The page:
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Let the punishment fit the plea

gavel2The majority of criminal cases that come to Court result in a plea agreement, rather than an actual trial. In Maryland it is not unusual for the prosecution and defense to agree on the parameters of the plea including potential punishment, and to ask the trial judge to agree to be bound by the terms of the agreement before sentencing. Maryland’s highest court recently addressed what happens when the sentence actually imposed is actually less severe than the minimum agreed to by the defense, in an opinion called Stephanie Smith v. State.
The Court of Appeals’ opinion indicates that the defendant was indicted for insurance fraud, and charged with theft in excess of $10,000. The defense attorney and prosecutor negotiated an agreement for the defendant to plead guilty, with an agreement that the defendant not be sentenced to more than 5 years of jail time with all that suspended except for a minimum of 30 to 90 days incarceration, followed by 5 years probation. The agreement was also that the defendant would pay restitution to the victim of over $47,000.

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And now the final protective order issue

gavel2 1 Maryland law provides for temporary protective or peace orders in an effort to prevent domestic violence, which may ultimately be followed by a request for a final protective order lasting for a year. The appellate courts have said that when fashioning relief in a domestic violence case, the court “is to do what is reasonably necessary no more and no less-to assure the safety and well-being of those entitled to relief.” How the Courts go about deciding such difficult cases is illustrated by a recent unreported opinion from Maryland’s Court of Special Appeals called Gali v. Gali.

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When commercial information is public information

gavel2 1 Maryland has a Public Information Act which allows for the release of government documents upon request, similar to the federal Freedom of Information Act. Courts are often called upon to decide whether a citizen is entitled to obtain documents in the government’s possession. Maryland’s highest court last week addressed efforts to obtain commercial information through a MPIA request in a case called Jayson Amster v. Rushern Baker, County Executive for Prince George’s County.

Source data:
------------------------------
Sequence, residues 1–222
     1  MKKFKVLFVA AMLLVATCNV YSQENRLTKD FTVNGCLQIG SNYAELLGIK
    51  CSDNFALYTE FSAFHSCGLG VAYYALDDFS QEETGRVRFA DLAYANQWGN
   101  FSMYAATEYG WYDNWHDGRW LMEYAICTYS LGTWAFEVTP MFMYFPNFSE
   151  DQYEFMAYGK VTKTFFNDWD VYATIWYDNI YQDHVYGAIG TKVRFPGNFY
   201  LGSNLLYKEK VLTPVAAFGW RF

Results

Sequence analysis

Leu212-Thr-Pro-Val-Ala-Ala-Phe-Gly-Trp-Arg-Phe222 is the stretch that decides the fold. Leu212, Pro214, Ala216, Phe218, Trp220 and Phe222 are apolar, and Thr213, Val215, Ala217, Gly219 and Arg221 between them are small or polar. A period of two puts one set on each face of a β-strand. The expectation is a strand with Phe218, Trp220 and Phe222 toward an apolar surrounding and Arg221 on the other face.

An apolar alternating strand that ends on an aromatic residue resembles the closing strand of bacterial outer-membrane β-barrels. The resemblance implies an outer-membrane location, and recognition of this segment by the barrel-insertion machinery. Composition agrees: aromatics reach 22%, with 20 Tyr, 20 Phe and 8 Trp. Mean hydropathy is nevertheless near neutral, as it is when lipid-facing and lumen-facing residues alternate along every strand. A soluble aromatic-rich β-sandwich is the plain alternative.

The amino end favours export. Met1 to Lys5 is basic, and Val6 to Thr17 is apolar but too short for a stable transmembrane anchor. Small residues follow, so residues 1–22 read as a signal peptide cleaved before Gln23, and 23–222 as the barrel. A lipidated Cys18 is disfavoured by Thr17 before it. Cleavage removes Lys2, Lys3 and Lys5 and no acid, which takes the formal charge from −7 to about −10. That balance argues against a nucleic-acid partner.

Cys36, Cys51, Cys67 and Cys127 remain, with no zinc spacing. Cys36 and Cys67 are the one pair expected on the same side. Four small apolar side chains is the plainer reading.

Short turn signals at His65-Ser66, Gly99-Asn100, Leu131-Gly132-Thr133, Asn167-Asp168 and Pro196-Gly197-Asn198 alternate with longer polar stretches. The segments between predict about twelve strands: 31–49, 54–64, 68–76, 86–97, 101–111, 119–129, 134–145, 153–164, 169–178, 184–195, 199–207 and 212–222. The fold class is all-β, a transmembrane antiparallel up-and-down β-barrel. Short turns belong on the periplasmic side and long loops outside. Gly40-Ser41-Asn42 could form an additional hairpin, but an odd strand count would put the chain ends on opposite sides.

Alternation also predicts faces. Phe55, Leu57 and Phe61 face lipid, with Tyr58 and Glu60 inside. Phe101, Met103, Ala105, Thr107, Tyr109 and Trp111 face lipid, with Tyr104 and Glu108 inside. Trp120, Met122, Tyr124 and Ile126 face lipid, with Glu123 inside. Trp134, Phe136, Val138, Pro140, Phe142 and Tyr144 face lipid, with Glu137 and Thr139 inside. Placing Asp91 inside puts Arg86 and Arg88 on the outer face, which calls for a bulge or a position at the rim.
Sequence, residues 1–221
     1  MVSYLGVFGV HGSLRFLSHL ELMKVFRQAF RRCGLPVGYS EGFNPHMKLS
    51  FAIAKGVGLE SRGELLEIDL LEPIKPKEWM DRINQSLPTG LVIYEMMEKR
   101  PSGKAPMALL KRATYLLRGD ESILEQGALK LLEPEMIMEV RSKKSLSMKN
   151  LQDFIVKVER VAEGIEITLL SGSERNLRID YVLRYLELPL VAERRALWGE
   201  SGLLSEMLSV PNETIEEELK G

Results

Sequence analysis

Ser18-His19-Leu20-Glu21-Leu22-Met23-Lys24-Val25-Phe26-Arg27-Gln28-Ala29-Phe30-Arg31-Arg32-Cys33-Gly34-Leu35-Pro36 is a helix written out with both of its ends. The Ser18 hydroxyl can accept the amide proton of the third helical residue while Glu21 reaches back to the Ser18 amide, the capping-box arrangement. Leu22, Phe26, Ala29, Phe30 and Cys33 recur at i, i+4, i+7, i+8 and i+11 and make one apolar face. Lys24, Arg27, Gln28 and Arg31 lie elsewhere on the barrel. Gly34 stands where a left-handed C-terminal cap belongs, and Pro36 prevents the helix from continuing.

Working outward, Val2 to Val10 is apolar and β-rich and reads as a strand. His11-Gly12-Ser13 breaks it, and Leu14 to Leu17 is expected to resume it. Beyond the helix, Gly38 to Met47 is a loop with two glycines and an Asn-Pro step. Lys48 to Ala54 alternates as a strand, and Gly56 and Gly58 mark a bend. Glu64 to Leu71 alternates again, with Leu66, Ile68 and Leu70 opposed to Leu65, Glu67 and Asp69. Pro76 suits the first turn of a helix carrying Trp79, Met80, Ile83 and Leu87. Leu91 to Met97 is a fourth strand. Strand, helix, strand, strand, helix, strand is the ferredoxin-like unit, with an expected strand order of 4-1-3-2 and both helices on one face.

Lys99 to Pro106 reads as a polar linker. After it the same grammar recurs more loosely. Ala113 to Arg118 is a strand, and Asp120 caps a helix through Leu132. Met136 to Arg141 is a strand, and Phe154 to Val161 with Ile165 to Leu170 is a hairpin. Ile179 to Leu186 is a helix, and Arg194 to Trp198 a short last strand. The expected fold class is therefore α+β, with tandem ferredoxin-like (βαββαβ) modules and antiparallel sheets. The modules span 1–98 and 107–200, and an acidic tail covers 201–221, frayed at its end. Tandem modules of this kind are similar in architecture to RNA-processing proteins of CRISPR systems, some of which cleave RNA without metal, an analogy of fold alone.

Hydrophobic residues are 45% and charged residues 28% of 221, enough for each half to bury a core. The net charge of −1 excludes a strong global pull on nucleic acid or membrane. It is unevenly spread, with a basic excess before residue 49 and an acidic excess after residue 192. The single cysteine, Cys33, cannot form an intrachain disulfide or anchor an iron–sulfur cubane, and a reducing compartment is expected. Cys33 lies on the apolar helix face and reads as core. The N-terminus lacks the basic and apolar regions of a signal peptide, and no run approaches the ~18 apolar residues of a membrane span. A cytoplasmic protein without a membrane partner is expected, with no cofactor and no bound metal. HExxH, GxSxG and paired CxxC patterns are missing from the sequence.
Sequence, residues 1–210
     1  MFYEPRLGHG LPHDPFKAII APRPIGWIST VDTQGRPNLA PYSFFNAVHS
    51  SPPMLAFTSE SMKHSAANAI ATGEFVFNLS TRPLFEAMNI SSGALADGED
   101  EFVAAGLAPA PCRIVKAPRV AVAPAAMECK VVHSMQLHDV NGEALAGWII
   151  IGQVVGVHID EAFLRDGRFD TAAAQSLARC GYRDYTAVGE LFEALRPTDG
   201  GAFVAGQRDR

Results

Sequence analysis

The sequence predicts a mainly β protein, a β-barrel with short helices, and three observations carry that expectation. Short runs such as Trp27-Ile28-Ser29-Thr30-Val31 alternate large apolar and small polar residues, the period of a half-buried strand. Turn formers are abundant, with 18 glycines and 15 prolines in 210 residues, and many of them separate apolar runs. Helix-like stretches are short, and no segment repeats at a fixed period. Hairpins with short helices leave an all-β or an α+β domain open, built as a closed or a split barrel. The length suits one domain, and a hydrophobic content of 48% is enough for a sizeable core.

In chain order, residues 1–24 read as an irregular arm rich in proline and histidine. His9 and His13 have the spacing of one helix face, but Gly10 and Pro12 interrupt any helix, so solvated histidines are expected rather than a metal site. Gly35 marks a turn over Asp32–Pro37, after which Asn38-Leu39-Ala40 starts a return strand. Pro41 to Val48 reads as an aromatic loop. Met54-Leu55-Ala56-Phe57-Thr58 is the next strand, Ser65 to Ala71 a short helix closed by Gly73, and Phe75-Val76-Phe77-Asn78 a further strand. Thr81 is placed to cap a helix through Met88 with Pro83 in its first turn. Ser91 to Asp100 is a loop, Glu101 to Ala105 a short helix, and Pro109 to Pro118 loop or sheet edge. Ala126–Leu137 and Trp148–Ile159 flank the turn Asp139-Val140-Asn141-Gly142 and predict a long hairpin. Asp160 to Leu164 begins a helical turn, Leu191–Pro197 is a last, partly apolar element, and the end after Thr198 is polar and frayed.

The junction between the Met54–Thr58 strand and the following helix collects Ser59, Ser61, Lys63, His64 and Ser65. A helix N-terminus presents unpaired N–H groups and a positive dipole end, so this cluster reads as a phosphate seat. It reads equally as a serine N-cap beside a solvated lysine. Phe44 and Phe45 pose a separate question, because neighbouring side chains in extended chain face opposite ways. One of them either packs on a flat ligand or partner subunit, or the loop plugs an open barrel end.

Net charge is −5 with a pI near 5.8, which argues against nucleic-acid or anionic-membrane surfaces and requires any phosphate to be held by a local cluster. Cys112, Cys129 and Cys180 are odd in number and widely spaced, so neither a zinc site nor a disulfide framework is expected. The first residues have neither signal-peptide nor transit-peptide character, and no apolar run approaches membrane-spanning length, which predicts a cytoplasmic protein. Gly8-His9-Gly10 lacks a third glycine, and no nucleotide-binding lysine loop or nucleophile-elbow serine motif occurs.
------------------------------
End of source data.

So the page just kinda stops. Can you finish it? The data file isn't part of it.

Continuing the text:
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Remembering Judge Barry A. Hamilton

gavel2 1 The Montgomery County legal community, and his family and many friends, suffered a great loss last week with the passing of Judge Barry A. Hamilton. Judge Hamilton was a judge on Maryland’s District Court since 1996, and perhaps more importantly showed all of us who were his friends and colleagues how to serve the public through the law and live a full personal life as well.

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Get ready for the subpoena for computers

gavel2 1 With the advent of personal computers, the courts have had to develop law on how to apply the Fourth Amendment prohibition against unreasonable searches and seizures to police efforts to obtain evidence from computers. How search warrants to obtain such information fit within the constitutional scheme was explored by Maryland’s intermediate appellate court in an opinion issued this week in a case called John Fone v. State of Maryland.